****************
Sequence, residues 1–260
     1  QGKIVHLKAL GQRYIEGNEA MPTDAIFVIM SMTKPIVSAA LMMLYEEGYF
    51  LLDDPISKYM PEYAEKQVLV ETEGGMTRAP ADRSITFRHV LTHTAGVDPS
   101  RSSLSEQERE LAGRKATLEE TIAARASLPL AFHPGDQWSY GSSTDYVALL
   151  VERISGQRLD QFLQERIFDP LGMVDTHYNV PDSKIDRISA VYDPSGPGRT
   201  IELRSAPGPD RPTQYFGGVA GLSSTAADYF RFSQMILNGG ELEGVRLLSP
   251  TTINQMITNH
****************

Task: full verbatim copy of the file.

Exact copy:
Sequence, residues 1–260
     1  QGKIVHLKAL GQRYIEGNEA MPTDAIFVIM SMTKPIVSAA LMMLYEEGYF
    51  LLDDPISKYM PEYAEKQVLV ETEGGMTRAP ADRSITFRHV LTHTAGVDPS
   101  RSSLSEQERE LAGRKATLEE TIAARASLPL AFHPGDQWSY GSSTDYVALL
   151  VERISGQRLD QFLQERIFDP LGMVDTHYNV PDSKIDRISA VYDPSGPGRT
   201  IELRSAPGPD RPTQYFGGVA GLSSTAADYF RFSQMILNGG ELEGVRLLSP
   251  TTINQMITNH